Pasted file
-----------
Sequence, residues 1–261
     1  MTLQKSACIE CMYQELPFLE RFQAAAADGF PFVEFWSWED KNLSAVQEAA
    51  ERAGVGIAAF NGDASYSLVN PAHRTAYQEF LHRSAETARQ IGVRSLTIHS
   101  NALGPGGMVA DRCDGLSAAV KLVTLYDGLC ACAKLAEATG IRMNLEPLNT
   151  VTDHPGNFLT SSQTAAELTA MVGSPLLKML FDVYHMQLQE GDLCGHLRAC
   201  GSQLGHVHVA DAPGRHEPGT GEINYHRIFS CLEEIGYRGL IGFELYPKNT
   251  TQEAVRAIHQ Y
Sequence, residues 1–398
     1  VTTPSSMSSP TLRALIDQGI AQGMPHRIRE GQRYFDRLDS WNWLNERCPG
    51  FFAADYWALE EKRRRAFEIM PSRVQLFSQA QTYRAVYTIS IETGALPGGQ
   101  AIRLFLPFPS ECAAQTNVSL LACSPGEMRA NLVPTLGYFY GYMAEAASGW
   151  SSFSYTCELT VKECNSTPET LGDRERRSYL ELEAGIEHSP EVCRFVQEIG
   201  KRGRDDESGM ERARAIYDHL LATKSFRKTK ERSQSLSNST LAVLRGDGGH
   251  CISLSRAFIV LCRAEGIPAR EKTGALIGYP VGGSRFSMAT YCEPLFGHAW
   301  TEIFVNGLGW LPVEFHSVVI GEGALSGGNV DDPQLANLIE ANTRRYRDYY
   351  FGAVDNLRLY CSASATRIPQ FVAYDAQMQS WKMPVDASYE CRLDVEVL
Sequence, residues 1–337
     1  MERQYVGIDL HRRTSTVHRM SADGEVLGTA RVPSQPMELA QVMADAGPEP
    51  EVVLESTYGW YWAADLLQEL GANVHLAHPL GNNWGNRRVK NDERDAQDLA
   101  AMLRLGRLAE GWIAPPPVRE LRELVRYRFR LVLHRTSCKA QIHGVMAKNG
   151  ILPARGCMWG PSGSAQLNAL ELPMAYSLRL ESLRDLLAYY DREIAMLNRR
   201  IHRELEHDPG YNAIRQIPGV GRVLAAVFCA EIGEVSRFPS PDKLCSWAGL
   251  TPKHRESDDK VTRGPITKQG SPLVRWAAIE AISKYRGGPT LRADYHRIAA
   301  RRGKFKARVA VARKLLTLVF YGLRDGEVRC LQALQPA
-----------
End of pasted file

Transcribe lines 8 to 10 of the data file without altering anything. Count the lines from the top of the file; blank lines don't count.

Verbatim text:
Sequence, residues 1–398
     1  VTTPSSMSSP TLRALIDQGI AQGMPHRIRE GQRYFDRLDS WNWLNERCPG
    51  FFAADYWALE EKRRRAFEIM PSRVQLFSQA QTYRAVYTIS IETGALPGGQ